Johann Sebastian Bach Music for Oboe & Piano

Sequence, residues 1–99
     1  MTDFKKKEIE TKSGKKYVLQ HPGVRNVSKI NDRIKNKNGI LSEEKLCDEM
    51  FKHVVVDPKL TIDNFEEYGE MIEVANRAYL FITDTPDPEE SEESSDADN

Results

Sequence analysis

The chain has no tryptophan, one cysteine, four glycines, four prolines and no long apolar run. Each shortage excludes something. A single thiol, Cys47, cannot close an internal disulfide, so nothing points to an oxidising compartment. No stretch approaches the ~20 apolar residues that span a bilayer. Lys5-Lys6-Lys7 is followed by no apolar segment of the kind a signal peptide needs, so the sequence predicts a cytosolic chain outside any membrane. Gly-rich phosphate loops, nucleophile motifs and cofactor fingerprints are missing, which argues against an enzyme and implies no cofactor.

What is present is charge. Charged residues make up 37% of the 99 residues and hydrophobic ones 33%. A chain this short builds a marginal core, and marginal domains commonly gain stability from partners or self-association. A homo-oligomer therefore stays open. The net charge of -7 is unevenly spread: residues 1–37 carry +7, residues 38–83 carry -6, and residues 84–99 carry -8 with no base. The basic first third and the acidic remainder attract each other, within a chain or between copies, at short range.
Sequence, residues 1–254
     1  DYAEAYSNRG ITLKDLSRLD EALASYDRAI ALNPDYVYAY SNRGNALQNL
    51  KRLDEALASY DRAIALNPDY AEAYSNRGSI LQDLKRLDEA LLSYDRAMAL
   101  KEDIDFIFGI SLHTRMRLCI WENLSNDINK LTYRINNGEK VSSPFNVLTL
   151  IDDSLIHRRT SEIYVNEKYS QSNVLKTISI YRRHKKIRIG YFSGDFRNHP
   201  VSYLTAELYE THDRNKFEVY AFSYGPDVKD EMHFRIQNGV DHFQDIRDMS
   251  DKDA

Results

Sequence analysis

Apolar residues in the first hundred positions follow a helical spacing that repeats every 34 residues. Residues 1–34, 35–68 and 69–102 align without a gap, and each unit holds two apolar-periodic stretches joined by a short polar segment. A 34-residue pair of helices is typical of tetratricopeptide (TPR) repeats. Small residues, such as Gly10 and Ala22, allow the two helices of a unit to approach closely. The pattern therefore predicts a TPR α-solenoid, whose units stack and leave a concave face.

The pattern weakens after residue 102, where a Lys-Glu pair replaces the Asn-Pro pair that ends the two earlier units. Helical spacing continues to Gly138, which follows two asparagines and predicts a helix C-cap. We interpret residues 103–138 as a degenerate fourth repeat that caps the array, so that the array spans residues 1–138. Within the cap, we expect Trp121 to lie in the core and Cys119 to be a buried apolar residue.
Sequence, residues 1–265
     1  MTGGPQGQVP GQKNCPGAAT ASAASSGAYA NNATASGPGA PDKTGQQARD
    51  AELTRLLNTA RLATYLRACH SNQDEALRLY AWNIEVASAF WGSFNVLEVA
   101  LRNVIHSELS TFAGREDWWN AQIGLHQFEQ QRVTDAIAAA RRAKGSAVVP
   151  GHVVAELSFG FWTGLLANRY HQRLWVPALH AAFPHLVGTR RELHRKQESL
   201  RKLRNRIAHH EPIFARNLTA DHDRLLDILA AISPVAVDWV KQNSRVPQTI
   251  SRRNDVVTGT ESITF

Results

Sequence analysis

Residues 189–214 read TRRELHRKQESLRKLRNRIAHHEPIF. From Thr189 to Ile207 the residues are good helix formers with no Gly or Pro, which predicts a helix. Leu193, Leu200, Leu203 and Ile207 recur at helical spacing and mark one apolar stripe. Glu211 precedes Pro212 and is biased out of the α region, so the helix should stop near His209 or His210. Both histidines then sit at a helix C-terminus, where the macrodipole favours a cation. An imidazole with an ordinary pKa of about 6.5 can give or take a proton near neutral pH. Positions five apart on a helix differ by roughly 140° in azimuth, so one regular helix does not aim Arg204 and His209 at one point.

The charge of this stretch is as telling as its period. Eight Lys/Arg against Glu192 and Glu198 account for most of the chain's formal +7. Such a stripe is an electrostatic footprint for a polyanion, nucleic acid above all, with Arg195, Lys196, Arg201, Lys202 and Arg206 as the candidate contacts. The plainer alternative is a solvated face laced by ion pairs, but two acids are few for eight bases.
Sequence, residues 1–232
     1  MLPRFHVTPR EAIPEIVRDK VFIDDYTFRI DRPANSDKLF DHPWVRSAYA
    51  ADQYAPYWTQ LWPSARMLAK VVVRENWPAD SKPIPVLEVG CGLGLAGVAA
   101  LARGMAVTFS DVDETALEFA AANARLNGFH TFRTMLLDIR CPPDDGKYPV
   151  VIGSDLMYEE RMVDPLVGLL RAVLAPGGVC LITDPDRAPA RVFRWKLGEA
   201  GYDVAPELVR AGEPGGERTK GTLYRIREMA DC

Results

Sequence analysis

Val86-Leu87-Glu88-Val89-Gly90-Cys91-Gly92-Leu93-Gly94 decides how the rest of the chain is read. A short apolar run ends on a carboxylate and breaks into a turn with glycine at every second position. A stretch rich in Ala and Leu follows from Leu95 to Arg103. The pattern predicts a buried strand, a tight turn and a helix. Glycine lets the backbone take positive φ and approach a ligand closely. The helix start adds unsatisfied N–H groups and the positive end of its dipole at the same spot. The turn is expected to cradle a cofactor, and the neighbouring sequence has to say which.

Since the summer of 2006, husband and wife musicians Joel Bard, oboe, and Sayuri Miyamoto, piano, and some friends have been presenting chamber music concerts to raise money for the Dana Farber Cancer Institute. More recently, they've been recording a companion CD each year with all proceeds going to the same cause. For 2008 both the concert and the CD featured the music of Johann Sebastian Bach. The three works presented here are among Bach's most beautiful and intimate. The C major sonata was originally written for flute but is played here on the oboe as it fits the range of the instrument very nicely. The character of this piece is very upbeat. The slow first movement suddenly turns into a light-hearted virtuoso display that leads directly into a downright chipper moto perpetuo second movement. Even the slow third movement in A minor makes it's way to C major very quickly before the sonata concludes with a pair of lively minuets. The C minor keyboard partita numbers among Bach's greatest works for solo keyboard. The opening Sinfonia is reminiscent of the overtures in the orchestral suites. The following dance movements, as always in Bach, transcend the courtly dance styles they're based upon. The pensive Sarabande is particularly sublime. This performance features Sayuri's own ornamentation in the repeats in this movement. The G minor sonata is a transposition of the flute sonata in B minor. In this case there exists a manuscript of the keyboard part in G minor with some circumstantial evidence that it predates the B minor version with flute. There is no proof that the instrumental part in the G minor version was intended for oboe but it seems like a reasonable choice. At least it serves as a good excuse for oboists to sink their teeth into this masterpiece. The first movement is one of the longest and most penetrating that Bach wrote for a solo instrument with keyboard. It is followed by a slow second movement with a melody that is certainly among the most beautiful ever written. The last movement begins with a wild contrapuntal dash that abruptly comes to a halt after which the meter changes and the piece finishes with a somewhat demonic gigue-like dance. About the performers: Sayuri and Joel are both active members of the musical community in Boston. Sayuri teaches piano and accompanies many local musicians, working often with the very talented students in the area. She studied with Donald Currier as an undergraduate at Yale and then attended Juilliard where she studied with Nadia Reisenberg and Gyorgy Sandor. She subsequently received her doctorate from the Manhattan School of Music studying with Seymour Lipkin Joel is conductor of the Boston Youth Symphony Orchestras Repertory Orchestra. He studied oboe with John Mack as an undergraduate at the Cleveland Institute of Music and then studied oboe and conducting at Juilliard. Joel also earned his Ph.D. in biochemistry from Harvard and is active as an x-ray crystallographer studying drug-receptor interactions. Joel is an avid bicyclist and supports Dana Farber, where he was successfully treated for Hodgkins Lymphoma, by riding each year in the Pan-Mass Challenge.